The Bride and Groom Had Different Visions for the Wedding – The Cut

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Photo: Amanda Young

When we ask newlyweds to think back on what they wanted most for their big day — and we’ve interviewed hundreds of them over the years — the most common response is “For it not to feel like a wedding!” Gathering with old friends and eating mini grilled cheeses in formalwear to celebrate love feels more special these days than ever, even downright miraculous. And the betrothed have never been less attached to the old wedding handbook — or the need to please their great-aunt. So in a flurry of pampas grass and perfectly mismatched-to-match bridesmaid dresses, how do you pull off a non-cookie-cutter affair? For the answers, we decided to interrogate the cool couples whose weddings we would actually want to steal, right down to the tiger-shaped cake toppers.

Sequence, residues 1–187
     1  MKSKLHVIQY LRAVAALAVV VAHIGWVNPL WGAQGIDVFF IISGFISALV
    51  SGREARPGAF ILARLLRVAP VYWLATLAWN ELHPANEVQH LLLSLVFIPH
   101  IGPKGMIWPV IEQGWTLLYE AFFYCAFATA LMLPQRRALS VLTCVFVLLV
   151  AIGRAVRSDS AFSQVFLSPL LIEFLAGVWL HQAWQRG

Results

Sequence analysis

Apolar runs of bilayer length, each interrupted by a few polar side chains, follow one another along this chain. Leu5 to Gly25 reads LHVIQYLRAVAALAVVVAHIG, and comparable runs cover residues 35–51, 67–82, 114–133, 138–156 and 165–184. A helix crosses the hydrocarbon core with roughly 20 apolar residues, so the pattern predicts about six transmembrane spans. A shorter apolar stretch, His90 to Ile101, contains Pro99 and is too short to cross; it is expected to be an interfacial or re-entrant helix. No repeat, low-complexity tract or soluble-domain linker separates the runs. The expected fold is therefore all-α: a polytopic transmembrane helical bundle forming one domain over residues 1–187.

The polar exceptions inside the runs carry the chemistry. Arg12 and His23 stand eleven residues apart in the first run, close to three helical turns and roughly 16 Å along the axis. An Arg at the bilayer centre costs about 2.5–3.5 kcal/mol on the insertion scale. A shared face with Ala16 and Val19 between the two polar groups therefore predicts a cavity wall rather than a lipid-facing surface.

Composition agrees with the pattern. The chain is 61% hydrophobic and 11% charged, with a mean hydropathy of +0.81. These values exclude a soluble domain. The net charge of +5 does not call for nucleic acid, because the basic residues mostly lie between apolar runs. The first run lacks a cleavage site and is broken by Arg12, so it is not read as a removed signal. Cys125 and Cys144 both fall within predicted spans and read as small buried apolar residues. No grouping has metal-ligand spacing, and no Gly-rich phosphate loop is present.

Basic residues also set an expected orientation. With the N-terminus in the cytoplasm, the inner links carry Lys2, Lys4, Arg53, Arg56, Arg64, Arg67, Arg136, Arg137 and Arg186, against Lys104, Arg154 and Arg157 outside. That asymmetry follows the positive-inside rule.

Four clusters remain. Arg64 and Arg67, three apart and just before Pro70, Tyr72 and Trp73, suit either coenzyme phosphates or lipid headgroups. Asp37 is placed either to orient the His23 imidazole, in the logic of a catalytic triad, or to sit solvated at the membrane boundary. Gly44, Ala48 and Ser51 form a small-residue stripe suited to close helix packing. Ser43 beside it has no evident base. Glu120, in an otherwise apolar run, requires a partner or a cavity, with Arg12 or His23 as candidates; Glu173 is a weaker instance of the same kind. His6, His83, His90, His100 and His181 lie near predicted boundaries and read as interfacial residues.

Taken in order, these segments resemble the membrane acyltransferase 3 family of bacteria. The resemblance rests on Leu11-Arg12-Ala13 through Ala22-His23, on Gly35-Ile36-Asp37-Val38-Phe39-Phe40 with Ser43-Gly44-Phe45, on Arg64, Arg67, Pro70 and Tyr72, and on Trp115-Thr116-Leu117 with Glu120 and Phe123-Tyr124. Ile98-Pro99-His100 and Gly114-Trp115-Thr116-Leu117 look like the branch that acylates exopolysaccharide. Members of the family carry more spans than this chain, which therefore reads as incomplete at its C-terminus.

Here, we spoke with Brooklyn-based couple David Nathans and Kari Costas. Given their work in the hospitality industry — Nathans is the chef de cuisine at Charlie Bird, and Costas a director of guest experiences for Auberge Resorts Collection — they were well equipped to make sure their family and friends had a great time at their January 2024 wedding. The only snag? Their slightly different ideas of what constitutes a great time. They compromised with a civilized Saturday ceremony and (cheese-filled) lunch at Italian restaurant Al Di Là in Park Slope, followed by a Sunday blowout dance party at the raucous Brighton Beach nightclub Tatiana.